What You Need to Know About Driving with Glaucoma
Glaucoma can hinder driving ability, but not everyone with the condition has to give up driving altogether.
When patients are diagnosed with glaucoma, they often wonder whether they’ll still be able to drive safely. Most evidence suggests glaucoma impairs driving skills, and if patients decide to continue driving, it’s absolutely necessary to check with a doctor before making any major decisions.
Glaucoma is a condition where fluid builds up in the front part of the eye causing severe eye pressure and optic nerve damage. Vision problems build gradually, and glaucoma patients often don’t realize anything is wrong with their vision until the condition is quite advanced.
However, some of the earliest symptoms of glaucoma include difficulty seeing in the dark, sensitivities to bright light, and loss of peripheral vision. While these early signs don’t affect most daily activities, they can make driving quite difficult and even dangerous; changing lines, checking blind spots, and driving at night all become significantly more challenging. In fact, many patients realize they may have glaucoma while they’re behind the wheel of a car.
If you suspect that glaucoma is impacting your driving or the driving of someone close to you, here’s what you need to know.
Is Glaucoma Impacting Your Driving?
Because early glaucomatous visual field defects don’t always affect central vision, a patient with advanced glaucoma can still read a vision chart without experiencing blurry vision, offering no hint of their progressive vision loss. For this reason, changes in driving behavior may actually offer the first hint of severe glaucoma.
Watch out for the following signs that glaucoma could be hindering driving ability:
- Difficulty driving at night.
- Frequent lane boundary crossings.
- Difficulty maintaining lane position.
- Inability to match the speed of motor vehicles in neighboring lanes.
- Trouble driving around curves.
- Need to put on brakes to avoid hitting pedestrians or other motor vehicles.
- An increase in “near misses.”
If you’ve noticed more than one of these signs of glaucoma, you or your loved one should see an eye doctor. An occupational therapist can assess whether glaucoma or another condition is affecting driving safety.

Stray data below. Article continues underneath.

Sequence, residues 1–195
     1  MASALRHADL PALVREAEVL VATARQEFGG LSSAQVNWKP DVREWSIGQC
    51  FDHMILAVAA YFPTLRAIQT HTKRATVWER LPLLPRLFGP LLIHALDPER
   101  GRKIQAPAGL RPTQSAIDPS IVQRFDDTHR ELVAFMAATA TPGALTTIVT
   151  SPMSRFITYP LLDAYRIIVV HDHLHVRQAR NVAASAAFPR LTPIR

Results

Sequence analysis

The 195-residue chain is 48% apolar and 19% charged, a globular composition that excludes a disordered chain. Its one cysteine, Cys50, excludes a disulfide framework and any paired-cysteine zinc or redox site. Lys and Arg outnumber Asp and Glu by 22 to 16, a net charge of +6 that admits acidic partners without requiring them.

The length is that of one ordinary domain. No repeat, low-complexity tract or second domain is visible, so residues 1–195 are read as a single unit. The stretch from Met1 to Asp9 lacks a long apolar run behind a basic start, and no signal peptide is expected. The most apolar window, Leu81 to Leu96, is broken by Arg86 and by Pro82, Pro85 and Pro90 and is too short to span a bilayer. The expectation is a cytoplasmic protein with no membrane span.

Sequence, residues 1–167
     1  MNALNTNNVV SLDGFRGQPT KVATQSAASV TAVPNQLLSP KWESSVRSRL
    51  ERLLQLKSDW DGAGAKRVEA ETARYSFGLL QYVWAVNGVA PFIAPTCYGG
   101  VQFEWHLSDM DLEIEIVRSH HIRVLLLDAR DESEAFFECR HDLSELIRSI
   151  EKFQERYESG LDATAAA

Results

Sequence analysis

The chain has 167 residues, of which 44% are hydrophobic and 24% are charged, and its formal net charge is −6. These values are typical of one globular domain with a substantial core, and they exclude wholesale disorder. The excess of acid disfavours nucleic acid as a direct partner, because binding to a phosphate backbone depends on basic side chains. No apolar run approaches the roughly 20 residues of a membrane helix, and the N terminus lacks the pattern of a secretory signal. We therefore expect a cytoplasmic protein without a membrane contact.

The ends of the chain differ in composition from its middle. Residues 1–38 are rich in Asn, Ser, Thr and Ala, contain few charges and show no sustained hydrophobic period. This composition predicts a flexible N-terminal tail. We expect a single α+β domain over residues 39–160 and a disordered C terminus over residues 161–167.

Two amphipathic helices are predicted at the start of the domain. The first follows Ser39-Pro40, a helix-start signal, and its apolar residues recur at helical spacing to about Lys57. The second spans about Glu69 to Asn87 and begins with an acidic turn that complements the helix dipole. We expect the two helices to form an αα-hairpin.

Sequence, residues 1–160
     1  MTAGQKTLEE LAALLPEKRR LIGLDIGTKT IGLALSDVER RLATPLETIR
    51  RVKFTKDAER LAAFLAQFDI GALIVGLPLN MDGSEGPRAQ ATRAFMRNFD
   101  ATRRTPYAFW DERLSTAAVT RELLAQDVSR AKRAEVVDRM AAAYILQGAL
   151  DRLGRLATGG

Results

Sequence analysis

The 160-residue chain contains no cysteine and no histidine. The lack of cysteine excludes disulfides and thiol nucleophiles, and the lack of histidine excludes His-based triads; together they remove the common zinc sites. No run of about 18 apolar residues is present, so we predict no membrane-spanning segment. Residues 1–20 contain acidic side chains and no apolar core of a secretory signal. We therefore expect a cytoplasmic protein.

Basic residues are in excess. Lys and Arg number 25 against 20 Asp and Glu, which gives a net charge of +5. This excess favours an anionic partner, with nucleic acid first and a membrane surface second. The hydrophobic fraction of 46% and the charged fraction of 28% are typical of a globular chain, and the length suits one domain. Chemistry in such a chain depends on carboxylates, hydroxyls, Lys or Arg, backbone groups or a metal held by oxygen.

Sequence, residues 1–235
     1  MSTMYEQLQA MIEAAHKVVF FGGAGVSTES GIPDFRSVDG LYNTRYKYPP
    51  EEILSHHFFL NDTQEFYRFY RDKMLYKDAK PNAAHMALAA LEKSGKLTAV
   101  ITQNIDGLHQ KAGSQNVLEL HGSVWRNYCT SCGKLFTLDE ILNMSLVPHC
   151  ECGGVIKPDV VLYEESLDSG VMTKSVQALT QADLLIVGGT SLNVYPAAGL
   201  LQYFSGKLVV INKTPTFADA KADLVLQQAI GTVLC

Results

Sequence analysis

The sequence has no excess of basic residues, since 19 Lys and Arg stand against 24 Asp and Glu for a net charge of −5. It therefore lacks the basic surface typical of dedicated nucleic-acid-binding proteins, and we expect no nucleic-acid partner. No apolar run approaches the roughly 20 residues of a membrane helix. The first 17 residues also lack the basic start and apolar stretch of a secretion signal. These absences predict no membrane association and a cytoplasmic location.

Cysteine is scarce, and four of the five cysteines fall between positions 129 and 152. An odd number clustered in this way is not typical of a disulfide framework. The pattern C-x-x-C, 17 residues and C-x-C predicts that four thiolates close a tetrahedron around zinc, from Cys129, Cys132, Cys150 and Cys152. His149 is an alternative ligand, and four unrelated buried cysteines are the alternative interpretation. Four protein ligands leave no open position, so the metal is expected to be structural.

Legal and Medical Limitations for Drivers with Glaucoma
Not all patients with glaucoma have to stop driving — in fact, there are clear legal limits in place that outline exactly when patients should no longer get behind the wheel.
Some states have vision requirements for their drivers. In Colorado, driving license applicants must have at least 20/40 vision in either or both eyes, pass a screen for Phoria (double vision), and exhibit a horizontal visual field of at least 110 degrees. Drivers who fail any portion of this test must have a visual acuity eye exam report completed by their eye doctor.
The visual field test is most likely to trip up patients with glaucoma, as it tests for side vision. If a patient fails the visual field test, their eye doctor may recommend certain restrictions, such as daylight driving only, driving only below a certain speed, or driving only in a set radius around their home.
However, even if you or your loved one is legally permitted to drive, it may not be wise to do so as there is an increased risk. Ultimately, if driving with visual impairment, such as glaucoma, makes the driver and/or their passengers uncomfortable, it might be time to hand over the keys. Luckily, there are other great options such as public transportation, rideshare or for older adults, many activities provide transportation options.
To discuss your options with a vision specialist, make an eye exam appointment with ICON Eyecare today. Our eye doctors can diagnose glaucoma and help you make an informed decision about your driving ability. For older drivers that might suspect glaucoma, early detection is important. Our first priority is keeping you, your family members and your loved ones safe. Contact us today.